Can Brain Composition Affect a Defendant’s Outcome in Court?: Part I
The media has been buzzing over the past year about the impact that traumatic brain injury caused by repeated hits is having on contact sport athletes. In addition to dementia, head trauma is inspiring some veterans of professional contact sports such as football and hockey to become either suicidal, violent or both. In fact, several players have recently committed misdemeanors and felonies that family, physicians and attorneys are linking to their work-related head trauma. This behavior is not unlike the depressed and violent behavior exhibited by some veterans who have suffered similar kinds of head trauma.
Ordinarily, individuals are held accountable for their criminal behaviors unless they are declared to be mentally incompetent. However, individuals who have suffered brain trauma may be simultaneously competent and deeply affected by their brain’s response to trauma. This issue of competency and trauma is leading some in the legal and medical fields to question whether the criminal justice system should be accounting for the fact that traumatized individuals may be simultaneously competent in legal terms but also so affected by their brain trauma that holding them directly accountable for certain actions is both illogical and unjust.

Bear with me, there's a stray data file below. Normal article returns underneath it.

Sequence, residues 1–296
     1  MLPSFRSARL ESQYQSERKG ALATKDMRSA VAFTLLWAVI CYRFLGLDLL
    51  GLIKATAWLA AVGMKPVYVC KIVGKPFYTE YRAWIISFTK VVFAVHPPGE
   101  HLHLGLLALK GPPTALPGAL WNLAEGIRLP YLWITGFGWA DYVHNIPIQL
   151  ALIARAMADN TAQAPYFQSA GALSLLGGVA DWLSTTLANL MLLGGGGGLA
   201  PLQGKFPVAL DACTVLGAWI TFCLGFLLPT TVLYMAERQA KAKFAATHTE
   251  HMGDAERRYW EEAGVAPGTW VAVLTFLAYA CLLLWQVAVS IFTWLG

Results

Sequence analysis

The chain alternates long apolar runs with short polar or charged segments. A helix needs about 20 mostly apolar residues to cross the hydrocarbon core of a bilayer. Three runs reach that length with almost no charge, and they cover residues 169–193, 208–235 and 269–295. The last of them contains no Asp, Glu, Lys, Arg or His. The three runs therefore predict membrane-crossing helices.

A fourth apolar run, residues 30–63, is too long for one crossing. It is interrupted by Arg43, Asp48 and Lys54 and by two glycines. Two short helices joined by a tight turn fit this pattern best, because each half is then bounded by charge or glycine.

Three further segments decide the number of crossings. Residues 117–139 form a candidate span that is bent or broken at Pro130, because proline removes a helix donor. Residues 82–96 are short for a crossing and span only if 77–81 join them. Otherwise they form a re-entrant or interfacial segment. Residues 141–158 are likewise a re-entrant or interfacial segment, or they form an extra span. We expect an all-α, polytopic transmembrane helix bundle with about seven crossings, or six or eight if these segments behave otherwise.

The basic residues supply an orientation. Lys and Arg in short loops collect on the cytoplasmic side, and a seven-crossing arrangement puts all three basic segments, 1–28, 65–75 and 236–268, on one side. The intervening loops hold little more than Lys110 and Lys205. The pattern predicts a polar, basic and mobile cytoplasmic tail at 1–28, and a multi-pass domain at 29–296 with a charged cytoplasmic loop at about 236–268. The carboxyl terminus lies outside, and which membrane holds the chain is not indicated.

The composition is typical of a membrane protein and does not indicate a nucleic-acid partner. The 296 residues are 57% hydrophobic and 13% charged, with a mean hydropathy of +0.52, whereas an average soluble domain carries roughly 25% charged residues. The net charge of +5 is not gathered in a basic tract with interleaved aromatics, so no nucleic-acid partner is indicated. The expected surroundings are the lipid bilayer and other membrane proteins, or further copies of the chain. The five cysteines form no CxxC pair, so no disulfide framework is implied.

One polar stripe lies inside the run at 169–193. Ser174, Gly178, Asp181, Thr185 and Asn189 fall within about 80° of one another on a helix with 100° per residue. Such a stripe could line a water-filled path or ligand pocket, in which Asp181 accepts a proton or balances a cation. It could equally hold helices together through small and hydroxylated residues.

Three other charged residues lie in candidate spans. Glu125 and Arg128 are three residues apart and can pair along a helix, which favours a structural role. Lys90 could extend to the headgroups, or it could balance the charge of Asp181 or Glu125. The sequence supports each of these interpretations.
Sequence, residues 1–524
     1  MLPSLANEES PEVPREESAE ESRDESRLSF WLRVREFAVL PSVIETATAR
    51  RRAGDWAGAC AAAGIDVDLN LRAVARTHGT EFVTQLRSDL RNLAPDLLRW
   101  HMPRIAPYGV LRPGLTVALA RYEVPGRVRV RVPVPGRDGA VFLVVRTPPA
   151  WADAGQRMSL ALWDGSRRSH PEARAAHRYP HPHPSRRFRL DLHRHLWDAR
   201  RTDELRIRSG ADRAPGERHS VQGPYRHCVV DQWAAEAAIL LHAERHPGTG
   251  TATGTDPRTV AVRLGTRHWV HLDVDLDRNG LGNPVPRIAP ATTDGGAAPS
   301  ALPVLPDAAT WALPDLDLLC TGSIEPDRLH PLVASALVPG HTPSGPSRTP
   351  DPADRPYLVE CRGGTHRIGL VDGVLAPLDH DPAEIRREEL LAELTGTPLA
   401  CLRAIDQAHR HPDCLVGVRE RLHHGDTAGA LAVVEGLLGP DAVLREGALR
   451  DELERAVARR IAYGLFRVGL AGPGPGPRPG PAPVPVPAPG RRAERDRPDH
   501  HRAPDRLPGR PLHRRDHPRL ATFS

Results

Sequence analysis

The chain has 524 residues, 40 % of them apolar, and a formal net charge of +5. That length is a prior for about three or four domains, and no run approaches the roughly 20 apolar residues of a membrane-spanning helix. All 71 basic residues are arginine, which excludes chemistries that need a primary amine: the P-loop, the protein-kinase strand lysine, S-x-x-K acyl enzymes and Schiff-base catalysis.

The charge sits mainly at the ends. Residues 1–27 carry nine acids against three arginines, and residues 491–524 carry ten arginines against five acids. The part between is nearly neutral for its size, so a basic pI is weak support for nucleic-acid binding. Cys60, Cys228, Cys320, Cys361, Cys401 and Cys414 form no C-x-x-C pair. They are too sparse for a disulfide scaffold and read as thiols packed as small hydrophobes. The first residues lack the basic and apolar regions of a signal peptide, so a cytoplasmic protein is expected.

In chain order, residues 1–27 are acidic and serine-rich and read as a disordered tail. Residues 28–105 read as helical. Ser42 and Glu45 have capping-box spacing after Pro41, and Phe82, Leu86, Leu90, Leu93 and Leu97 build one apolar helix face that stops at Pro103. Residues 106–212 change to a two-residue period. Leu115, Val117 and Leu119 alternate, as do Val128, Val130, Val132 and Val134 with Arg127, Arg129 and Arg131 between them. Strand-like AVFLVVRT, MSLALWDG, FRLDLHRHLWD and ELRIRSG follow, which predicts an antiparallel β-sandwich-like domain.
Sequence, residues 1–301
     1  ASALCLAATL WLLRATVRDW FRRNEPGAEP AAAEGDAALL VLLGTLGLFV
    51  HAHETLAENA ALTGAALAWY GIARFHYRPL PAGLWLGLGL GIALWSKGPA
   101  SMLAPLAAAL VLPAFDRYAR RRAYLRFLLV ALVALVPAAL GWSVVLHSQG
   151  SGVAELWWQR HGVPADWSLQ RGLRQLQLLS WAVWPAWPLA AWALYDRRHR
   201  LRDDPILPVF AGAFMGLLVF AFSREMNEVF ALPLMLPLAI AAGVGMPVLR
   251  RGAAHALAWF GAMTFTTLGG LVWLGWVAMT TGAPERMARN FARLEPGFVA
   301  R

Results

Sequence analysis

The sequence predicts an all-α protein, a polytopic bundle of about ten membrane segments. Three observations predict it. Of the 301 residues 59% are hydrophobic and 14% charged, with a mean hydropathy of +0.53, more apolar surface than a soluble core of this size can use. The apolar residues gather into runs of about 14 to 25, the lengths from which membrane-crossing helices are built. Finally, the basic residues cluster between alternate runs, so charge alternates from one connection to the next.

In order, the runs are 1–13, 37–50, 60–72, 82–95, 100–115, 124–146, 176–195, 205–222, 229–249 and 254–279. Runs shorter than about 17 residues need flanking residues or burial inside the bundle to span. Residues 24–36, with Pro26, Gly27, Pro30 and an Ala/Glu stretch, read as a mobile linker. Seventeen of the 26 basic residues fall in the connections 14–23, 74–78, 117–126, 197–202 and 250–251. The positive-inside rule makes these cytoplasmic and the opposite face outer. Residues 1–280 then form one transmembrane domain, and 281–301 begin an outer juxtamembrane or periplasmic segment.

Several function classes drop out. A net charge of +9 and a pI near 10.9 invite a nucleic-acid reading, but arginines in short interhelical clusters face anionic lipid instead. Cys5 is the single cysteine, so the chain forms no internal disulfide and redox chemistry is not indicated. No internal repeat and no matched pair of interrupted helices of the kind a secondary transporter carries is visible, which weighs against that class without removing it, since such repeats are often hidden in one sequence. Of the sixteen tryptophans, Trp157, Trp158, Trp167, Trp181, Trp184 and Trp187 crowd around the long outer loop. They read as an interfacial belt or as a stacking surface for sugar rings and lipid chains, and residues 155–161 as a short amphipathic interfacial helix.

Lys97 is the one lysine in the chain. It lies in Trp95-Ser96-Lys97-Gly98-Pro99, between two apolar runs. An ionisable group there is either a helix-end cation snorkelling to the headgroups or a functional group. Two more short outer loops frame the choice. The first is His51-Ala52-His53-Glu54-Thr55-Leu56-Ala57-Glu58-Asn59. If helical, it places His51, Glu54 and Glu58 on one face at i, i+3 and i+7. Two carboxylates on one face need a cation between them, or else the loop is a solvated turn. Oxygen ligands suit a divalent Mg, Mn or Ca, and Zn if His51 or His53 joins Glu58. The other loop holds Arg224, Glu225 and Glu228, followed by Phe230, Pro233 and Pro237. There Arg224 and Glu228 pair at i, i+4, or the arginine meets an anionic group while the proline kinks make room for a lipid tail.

Just as a person with a mental disability should not be held responsible for actions he or she does not either understand or have control over, it makes little sense to hold a traumatized individual accountable for actions he or she does not understand or have control over in the moment. Certain kinds of head trauma can lead to this type of isolated behavior and lack of understanding and control over it in the moment.
The intersection of neuroscience and the law will likely increasingly inform the outcome of criminal cases in the future. Please check back in later this week as we continue our discussion on this critical topic.
Source: ABA Journal, “Brain trials; Neuroscience is taking a stand in the courtroom,” Kevin Davis, Nov. 1, 2012